How to Gauge Network Requirements for Digital Content
2 of 8 in Series: The Essentials of Accessing Digital Content for Home Theaters
Figuring out your digital content’s impact on the computing and network requirements in your home theater is similar to calculating out how much space you need in your living room for books. There are big books, small books, fat books, thin books. Music, videos, and even pictures, are a little more predictable than book sizes because of the following:
You can usually decide the quality of the content recording you are obtaining or making.
You can determine how long you want to have the content.
You can determine when you want to have it.
If you want to download the biggest movie at the best quality and you want to keep it stored on your hard drive, you’re going to need a lot more capacity than someone who merely wants to stream a movie to his or her small TV set in average-quality mode and be done with it.
Figuring out the basics
You’ll hear companies talk about the number of songs or movies you can store on their MP3 players and other digital content media. To make these statements, the manufacturers have to make an assumption about your encoding format, and they will generally assume a lower-quality format to boost the number of songs they brag can fit on their devices!
For music, 384 Kbps encoding is very high quality to most people, and that implies that you can fit about 6,600 songs onto an 80GB hard drive. Many folks encode their songs at lower bit rates, such as 192 Kbps or even 128 Kbps, allowing even more songs to fit on the drive. You’ll have to make your own judgment about quality versus space.
For video, near-DVD quality is about 1.5 Mbps bit rate and full DVD quality is about 4 Mbps. At these bit rates, you can fit about 130 or so near-DVD-quality movies on a 250GB hard drive, or about 50 full-DVD-quality movies on the same size drive.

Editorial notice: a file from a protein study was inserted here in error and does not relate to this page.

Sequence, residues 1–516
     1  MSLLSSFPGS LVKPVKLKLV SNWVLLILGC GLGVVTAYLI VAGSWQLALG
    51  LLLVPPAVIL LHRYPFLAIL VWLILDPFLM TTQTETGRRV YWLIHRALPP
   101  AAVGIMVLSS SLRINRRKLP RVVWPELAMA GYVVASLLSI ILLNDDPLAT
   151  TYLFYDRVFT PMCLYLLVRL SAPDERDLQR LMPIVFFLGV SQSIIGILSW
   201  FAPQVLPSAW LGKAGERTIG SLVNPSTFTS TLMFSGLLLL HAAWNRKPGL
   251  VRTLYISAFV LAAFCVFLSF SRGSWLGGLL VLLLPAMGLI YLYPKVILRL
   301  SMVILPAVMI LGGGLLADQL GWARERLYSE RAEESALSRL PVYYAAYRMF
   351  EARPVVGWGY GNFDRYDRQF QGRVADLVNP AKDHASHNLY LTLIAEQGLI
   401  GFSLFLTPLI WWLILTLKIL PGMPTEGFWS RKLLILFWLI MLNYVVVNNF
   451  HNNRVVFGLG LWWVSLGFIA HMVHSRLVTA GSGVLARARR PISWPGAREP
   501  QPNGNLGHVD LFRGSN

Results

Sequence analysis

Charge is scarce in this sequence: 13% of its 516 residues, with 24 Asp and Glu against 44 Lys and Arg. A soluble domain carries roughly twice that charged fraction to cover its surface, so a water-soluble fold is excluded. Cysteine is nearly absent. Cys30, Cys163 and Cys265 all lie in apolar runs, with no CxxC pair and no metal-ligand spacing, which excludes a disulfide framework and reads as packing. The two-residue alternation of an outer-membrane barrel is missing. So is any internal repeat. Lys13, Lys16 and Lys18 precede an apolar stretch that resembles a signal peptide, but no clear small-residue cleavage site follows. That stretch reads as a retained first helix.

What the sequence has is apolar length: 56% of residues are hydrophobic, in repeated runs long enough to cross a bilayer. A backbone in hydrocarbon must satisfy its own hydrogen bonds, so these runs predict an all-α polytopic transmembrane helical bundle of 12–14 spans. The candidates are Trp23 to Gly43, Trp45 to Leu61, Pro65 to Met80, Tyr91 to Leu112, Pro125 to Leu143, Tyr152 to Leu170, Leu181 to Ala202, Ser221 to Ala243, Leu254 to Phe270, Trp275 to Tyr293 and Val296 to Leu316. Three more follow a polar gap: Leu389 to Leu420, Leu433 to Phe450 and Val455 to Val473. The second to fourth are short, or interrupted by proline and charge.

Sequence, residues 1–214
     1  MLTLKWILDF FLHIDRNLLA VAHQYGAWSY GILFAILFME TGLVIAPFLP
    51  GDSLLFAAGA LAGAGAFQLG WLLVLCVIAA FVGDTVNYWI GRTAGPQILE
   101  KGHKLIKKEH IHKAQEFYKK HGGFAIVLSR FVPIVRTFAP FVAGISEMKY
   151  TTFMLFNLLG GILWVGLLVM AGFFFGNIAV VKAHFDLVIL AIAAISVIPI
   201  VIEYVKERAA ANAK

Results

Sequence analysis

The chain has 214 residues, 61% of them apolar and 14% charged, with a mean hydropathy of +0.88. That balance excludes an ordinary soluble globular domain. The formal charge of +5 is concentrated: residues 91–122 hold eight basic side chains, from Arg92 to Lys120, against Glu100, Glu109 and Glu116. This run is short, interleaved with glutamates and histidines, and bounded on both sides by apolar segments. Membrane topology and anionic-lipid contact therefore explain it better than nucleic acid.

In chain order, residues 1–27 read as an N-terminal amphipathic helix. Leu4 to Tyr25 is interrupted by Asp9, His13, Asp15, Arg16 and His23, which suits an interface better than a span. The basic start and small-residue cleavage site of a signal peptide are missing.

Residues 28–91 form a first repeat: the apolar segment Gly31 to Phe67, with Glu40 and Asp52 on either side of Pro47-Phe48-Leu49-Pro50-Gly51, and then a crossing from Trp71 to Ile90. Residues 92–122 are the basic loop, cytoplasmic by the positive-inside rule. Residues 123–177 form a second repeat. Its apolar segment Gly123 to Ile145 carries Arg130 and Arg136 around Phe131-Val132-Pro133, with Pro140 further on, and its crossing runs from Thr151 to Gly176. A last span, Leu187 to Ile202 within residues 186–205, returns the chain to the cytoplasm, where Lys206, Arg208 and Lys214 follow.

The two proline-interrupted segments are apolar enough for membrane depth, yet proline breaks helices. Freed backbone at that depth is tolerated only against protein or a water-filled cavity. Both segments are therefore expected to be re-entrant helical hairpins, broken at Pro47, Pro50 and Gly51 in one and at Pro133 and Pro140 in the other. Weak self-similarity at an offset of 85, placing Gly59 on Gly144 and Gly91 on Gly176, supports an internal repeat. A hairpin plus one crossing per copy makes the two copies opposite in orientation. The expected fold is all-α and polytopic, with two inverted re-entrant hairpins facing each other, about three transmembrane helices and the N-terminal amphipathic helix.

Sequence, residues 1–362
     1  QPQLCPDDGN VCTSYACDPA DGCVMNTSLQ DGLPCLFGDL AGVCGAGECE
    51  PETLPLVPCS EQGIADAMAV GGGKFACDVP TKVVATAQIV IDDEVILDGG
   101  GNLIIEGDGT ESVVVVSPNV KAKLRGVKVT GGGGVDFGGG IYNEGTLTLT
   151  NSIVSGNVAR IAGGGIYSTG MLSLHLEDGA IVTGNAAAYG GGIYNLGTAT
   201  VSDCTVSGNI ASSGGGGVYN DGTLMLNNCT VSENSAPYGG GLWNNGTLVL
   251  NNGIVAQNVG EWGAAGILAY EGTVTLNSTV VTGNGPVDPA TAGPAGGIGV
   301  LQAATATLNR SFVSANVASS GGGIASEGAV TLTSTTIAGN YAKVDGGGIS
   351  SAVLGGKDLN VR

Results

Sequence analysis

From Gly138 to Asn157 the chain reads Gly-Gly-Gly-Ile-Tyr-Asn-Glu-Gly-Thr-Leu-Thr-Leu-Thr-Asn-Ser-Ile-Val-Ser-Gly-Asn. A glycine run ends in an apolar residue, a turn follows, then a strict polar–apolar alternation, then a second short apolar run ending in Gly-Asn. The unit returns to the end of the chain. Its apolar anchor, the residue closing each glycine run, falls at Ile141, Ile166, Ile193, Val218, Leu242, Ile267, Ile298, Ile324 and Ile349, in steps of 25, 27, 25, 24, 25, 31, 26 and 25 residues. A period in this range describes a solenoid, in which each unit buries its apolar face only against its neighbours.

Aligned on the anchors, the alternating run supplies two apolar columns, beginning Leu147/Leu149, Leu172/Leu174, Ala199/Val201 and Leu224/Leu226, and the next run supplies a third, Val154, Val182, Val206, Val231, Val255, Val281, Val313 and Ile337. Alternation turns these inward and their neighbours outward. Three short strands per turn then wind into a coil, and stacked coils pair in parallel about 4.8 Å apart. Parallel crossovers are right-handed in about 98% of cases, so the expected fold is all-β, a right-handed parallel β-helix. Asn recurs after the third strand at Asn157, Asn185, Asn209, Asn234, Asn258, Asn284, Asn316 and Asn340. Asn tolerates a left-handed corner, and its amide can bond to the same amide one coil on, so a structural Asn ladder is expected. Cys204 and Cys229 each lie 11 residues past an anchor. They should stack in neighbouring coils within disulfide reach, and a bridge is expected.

For photos, a high-resolution photo is about 2.5MB. You can fit about 30,000 pictures onto an 80GB hard drive.
If you’re going to be streaming a lot of content from the Internet, you should probably have at least a 4 Mbps download speed from your broadband access service — though you can get by with less if you’re going to forgo trying to stream high-definition content.
Broadband access into your home is typically asymmetrical, meaning that your download speeds are different — and almost always higher — than your upload speeds. Download video sources will compress their files to lessen the amount of time it takes to download a movie or show.
Checking your in-home capabilities
In addition to the capabilities of your PC and of your Internet connection, you need to understand the capabilities of your in-home network connections — the wired or wireless networks that carry content between your broadband modem, your computers, and your home theater and networked source devices in the home theater.
The size of the network within your home is not as asymmetrical, and files are flying all over the place between computers, your modems, printers, scanners, cameras, and so on. So your home’s computer network is considered symmetrical and is designed as such. Thus, you see home networking measured in terms of overall bidirectional capacity at any one time, such as 10 Mbps.